General Mills wins GMA’s CPG Award for Innovation and Creativity
Company honored by industry for innovative and sustainable energy solution
The Grocery Manufacturers Association (GMA) and its Associate Member Council (AMC) today awarded General Mills with the 2011 CPG Award for Innovation and Creativity. The award is given annually to companies that have demonstrated creativity and innovation, and have made a significant impact on the industry knowledge base.
GMA evaluated applications in two manufacturer divisions – those from companies with total sales of less than $3 billion (Division A) and those from companies with $3 billion or more in sales (Division B).
General Mills won the Division B category for finding an innovative, sustainable use for the 80,000 tons of oat hulls that are left over from the milling process of making Cheerios each year. Batter Blaster won the Division A category.
The company’s decades-long production of Cheerios entered a new chapter in January 2011 with the startup of General Mills’ first biomass-powered plant in Fridley, Minn. A biomass unit at the plant burns leftover oat hulls to produce more than 90 percent of the steam needed to heat the plant and produce the oat flour used in making Cheerios. It has also reduced the plant’s carbon footprint by 21 percent.
“Our biomass burner addressed two compelling business needs — saving money and reducing our footprint on the environment for years to come,” explained General Mills Chairman and CEO, Ken Powell. “We’ve sharpened our focus on building sustainability into every step, from seed to spoon, and this project is one of the most recent and visible successes from this journey. Accomplishments such as the biomass burner inspire and challenge all General Mills employees to dream big when developing creative solutions to make General Mills an even more sustainable company.”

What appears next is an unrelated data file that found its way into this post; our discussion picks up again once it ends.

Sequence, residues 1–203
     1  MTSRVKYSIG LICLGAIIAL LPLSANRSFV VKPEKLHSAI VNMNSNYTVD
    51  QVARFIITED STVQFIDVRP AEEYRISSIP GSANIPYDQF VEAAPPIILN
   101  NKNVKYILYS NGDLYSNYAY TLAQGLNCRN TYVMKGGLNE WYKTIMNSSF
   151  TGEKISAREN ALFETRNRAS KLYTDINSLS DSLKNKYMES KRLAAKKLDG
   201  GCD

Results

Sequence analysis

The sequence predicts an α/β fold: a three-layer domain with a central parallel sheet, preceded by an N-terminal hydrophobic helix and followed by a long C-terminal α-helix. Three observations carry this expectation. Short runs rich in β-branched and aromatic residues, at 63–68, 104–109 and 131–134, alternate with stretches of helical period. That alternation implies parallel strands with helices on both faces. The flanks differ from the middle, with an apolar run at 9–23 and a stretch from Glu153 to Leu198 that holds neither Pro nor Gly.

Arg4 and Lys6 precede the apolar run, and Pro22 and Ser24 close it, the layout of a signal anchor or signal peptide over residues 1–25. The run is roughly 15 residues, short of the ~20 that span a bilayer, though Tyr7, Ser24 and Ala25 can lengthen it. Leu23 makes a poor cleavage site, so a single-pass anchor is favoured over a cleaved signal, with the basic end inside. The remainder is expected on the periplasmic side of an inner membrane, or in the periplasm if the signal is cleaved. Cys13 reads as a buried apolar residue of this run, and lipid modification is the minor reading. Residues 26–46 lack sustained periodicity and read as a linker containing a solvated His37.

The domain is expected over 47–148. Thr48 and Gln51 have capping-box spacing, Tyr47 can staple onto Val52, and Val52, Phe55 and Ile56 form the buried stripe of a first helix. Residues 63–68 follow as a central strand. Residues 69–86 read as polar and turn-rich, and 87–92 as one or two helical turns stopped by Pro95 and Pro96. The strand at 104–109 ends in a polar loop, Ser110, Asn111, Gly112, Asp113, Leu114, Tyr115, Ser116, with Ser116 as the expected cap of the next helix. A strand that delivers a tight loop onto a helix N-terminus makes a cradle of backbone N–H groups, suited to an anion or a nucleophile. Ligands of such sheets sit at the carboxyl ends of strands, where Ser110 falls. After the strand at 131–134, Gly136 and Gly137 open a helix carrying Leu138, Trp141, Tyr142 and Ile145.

In addition to producing steam and heat for the Fridley mill, leftover oat hulls are used by a local electricity provider, Koda Energy, to power approximately 17,000 homes a year.
The benefits from this project continue beyond energy. After the oat hulls have been burned, the resulting ash is captured and distributed to nearby farmers who use it as a nutrient supplement to improve the soil on agricultural land.
John Hellweg, manufacturing manager of General Mills’ Fridley mill and one of the champions of the oat hulls biomass burner project, provides a tour of the Fridley mill and biomass burner in this video posted on GeneralMills.com.
Learn more about General Mills’ efforts to become an even more sustainable company by viewing the company’s 2011 Corporate Social Responsibility Report or by visiting CSR.GeneralMills.com or General Mills’ corporate blog, A Taste of General Mills.
About General Mills
General Mills is one of the world’s leading food companies, operating in more than 100 countries. Its consumer brands include Cheerios, Fiber One, Häagen-Dazs, Nature Valley, Betty Crocker, Pillsbury, Green Giant and Old El Paso. Headquartered in Minneapolis, Minnesota, USA, General Mills had fiscal 2011 net sales of US$14.9 billion.
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